I then rushed for my gun and turned to get a few good shots before the Indians could turn to run away. I started to run forward a few steps. Indians running away! They were coming as straight as a bullet toward the buildings, whipping their horses at every jump.

There was never a more splendidly barbaric sight. In after years, I was glad that I had seen it. Hundreds of warriors, the flower of the fighting men of the southwestern Plains tribes, mounted upon their finest horses, armed with guns and lances, and carrying heavy shields of thick buffalo hide, were coming like the wind. Over all was splashed the rich colors of red, vermillion and ochre, on the bodies of the men, on the bodies of the running horses. Scalps dangled from bridles, gorgeous war-bonnets fluttered their plumes, bright feathers dangled from the tails and manes of the horses, and the bronzed, half-naked bodies of the riders glittered with ornaments of silver and brass. Behind this head-long charging host stretched the Plains, on whose horizon the rising sun was lifting its morning fires. The warriors seemed to emerge from this glowing background.

I must confess, however, that the landscape possessed little interest for me when I saw that the Indians were coming to attack us and that they would be at hand in a few moments. War-whooping had a very appreciable effect upon the roots of a man's hair.

I fired one shot but had no desire to wait and see where the bullet went. I turned and ran as quickly as possible to the nearest building, which happened to be Hanrahan's saloon. I found it closed. I certainly felt lonesome. The alarm had spread and the boys were preparing to defend themselves. I shouted to them to let me in. An age seemed to pass before they opened the door and I sprang inside. Bullets were whistling and knocking up the dust all around me. Just as the door was opened for me, Billy Ogg ran up and fell inside, so exhausted that he could no longer stand. I am confident that if Billy had been timed, his would have been forever the world's record. Billy had made a desperate race, and that he should escape seemed incredible.

We were scarcely inside before the Indians had surrounded all the buildings and shot out every window pane. When our men saw the Indians coming, they broke for the nearest building at hand, and in this way split up into three parties. They were gathered in the different buildings, as follows:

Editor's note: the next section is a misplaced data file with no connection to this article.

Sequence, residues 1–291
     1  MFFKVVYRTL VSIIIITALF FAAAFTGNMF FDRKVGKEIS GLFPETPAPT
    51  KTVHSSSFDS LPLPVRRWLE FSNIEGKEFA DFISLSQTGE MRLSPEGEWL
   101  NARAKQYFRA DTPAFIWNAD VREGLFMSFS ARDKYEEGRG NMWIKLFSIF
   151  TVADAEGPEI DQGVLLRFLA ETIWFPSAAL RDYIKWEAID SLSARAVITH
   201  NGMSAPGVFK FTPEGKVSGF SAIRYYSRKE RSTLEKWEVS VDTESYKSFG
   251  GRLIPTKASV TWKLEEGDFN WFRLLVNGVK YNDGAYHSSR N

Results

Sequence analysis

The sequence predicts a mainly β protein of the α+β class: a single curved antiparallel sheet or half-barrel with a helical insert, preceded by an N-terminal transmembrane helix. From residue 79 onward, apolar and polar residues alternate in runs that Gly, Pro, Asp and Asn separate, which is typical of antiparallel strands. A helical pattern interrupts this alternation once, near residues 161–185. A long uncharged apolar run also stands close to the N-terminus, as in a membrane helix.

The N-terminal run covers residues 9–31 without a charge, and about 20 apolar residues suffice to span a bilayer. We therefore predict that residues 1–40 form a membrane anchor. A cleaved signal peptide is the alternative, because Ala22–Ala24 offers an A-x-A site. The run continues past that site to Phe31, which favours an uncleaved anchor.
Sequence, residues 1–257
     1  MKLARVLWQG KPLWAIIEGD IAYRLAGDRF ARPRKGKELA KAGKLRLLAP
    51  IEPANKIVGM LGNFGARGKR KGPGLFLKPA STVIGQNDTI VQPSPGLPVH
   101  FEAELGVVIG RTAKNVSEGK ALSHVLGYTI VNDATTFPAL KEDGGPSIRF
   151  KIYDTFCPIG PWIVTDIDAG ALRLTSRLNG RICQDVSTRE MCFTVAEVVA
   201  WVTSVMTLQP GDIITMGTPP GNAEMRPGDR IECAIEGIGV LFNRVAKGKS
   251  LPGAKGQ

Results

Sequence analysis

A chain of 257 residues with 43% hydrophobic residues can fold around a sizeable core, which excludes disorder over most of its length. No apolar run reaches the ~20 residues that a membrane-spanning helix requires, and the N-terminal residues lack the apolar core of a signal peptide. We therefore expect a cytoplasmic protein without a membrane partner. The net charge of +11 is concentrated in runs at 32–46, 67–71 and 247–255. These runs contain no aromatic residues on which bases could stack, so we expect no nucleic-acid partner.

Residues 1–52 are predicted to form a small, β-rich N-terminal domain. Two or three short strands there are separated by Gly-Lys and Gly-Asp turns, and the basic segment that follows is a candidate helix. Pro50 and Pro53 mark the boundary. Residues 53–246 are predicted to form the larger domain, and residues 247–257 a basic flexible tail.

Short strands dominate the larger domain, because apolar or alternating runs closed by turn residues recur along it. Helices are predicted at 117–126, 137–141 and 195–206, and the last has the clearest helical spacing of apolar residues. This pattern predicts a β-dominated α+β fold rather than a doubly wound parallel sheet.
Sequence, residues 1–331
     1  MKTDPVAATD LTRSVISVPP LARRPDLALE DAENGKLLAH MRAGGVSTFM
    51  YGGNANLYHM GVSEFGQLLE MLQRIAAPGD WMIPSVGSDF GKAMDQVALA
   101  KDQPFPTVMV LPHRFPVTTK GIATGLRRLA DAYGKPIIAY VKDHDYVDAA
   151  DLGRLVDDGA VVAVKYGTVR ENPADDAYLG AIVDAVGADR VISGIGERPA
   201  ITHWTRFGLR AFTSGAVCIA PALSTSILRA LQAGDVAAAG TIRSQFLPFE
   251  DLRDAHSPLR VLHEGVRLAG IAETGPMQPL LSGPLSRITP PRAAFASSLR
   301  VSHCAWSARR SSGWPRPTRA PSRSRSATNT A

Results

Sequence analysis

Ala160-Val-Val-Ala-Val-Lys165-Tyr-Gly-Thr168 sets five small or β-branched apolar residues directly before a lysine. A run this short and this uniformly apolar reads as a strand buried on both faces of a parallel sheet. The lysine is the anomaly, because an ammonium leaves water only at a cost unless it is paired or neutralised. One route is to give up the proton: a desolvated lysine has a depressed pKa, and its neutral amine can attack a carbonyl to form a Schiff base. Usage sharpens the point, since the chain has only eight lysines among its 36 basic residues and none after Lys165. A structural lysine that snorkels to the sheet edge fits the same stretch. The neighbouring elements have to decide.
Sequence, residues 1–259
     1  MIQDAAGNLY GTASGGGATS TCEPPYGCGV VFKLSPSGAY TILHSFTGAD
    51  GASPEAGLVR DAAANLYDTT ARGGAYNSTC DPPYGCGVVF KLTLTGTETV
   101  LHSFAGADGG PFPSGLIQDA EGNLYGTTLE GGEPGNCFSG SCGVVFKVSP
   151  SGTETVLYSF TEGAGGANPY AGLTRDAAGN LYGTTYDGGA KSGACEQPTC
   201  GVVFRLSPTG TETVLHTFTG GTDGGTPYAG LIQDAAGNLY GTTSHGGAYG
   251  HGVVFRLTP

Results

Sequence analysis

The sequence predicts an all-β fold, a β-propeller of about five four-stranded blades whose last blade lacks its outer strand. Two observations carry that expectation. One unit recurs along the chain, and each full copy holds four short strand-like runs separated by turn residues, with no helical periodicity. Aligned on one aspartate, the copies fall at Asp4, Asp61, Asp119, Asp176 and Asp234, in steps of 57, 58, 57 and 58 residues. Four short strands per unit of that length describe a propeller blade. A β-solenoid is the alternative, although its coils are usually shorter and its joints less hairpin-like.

Hanrahan's Saloon--James Hanrahan, "Bat" Masterson, Mike Welch, Shepherd, Hiram Watson, Billy Ogg, James McKinley, "Bermuda" Carlisle, and William Dixon.

Myers & Leonard's Store--Fred Leonard, James Campbell, Edward Trevor, Frank Brown, Harry Armitage, "Dutch Henry," Billy Tyler, Old Man Keeler, Mike McCabe, Henry Lease, and "Frenchy."

Rath & Wright's Store--James Longton, George Eddy, Thomas O'Keefe, William Olds and his wife; Sam Smith, and Andy Johnson.

Some of the men were still undressed, but nobody wasted any time hunting their clothes, and many of them fought for their lives all that summer day barefoot and in their night clothes.

The men in Hanrahan's saloon had a little the best of the others because of the fact that they were awake and up when the alarm was given. In the other buildings, some of the boys were sound asleep and it took time for them to barricade the doors and windows before they began fighting. Barricades were built by piling up sacks of flour and grain, at which some of the men worked while others seized their guns and began shooting at the Indians.

The number of Indians in this attack has been variously estimated at from 700 to 1,000. I believe that 700 would be a safe guess. The warriors were mostly Kiowas, Cheyennes and Comanches. The latter were led by their chief Quanah, whose mother was a white woman, Cynthia Ann Parker, captured during a raid by the Comanches in Texas. Big Bow was another formidable Comanche chieftain; Lone Wolf was a leader of the Kiowas, and Little Robe and White Shield, of the Cheyennes.

For the first half hour the Indians were reckless and daring enough to ride up and strike the doors with the butts of their guns. Finally, the buffalo-hunters all got straightened out and were firing with deadly effect. The Indians stood up against this for awhile, but gradually began falling back, as we were emptying buckskin saddles entirely too fast for Indian safety. Our guns had longer range than theirs. Furthermore, the hostiles were having little success--they had killed only two of our men, the Shadler brothers who were caught asleep in their wagon. Both were scalped. Their big Newfoundland dog, which always slept at their feet, evidently showed fight, as the Indians killed him, and "scalped" him by cutting a piece of hide off his side. The Indians ransacked the wagon and took all the provisions. The Shadlers were freighters.